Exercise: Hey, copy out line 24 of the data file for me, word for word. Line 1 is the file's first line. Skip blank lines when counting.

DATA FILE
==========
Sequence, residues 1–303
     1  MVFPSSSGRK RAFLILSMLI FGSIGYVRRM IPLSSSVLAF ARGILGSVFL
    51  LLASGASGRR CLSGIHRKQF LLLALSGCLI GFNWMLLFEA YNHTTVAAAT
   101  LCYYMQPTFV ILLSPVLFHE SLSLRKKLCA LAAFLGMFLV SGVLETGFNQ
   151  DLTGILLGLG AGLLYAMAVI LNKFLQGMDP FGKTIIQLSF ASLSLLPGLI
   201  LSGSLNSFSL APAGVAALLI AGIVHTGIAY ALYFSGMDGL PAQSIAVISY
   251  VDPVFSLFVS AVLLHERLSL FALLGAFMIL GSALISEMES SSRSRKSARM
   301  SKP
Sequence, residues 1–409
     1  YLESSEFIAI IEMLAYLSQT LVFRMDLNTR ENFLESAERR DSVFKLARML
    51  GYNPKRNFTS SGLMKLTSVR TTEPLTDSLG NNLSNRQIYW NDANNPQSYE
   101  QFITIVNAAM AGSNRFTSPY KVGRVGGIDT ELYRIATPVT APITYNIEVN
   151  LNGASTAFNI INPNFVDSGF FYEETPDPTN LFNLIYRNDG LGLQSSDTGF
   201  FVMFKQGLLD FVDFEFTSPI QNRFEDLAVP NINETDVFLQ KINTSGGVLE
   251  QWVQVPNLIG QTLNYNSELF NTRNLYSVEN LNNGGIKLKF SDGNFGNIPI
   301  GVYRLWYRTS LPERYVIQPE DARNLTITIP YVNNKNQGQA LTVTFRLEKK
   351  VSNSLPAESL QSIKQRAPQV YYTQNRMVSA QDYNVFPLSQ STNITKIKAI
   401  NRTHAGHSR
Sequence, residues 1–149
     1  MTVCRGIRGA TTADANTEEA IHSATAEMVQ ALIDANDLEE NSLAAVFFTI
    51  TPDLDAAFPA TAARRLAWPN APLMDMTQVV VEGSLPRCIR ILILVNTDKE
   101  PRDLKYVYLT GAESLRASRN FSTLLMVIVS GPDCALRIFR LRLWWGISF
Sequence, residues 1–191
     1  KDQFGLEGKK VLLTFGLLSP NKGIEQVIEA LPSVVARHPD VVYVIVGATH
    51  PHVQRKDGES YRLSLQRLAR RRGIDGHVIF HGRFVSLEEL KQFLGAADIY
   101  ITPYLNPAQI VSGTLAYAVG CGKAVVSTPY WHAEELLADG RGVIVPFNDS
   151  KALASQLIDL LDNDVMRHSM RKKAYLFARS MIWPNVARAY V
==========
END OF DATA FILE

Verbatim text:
     1  KDQFGLEGKK VLLTFGLLSP NKGIEQVIEA LPSVVARHPD VVYVIVGATH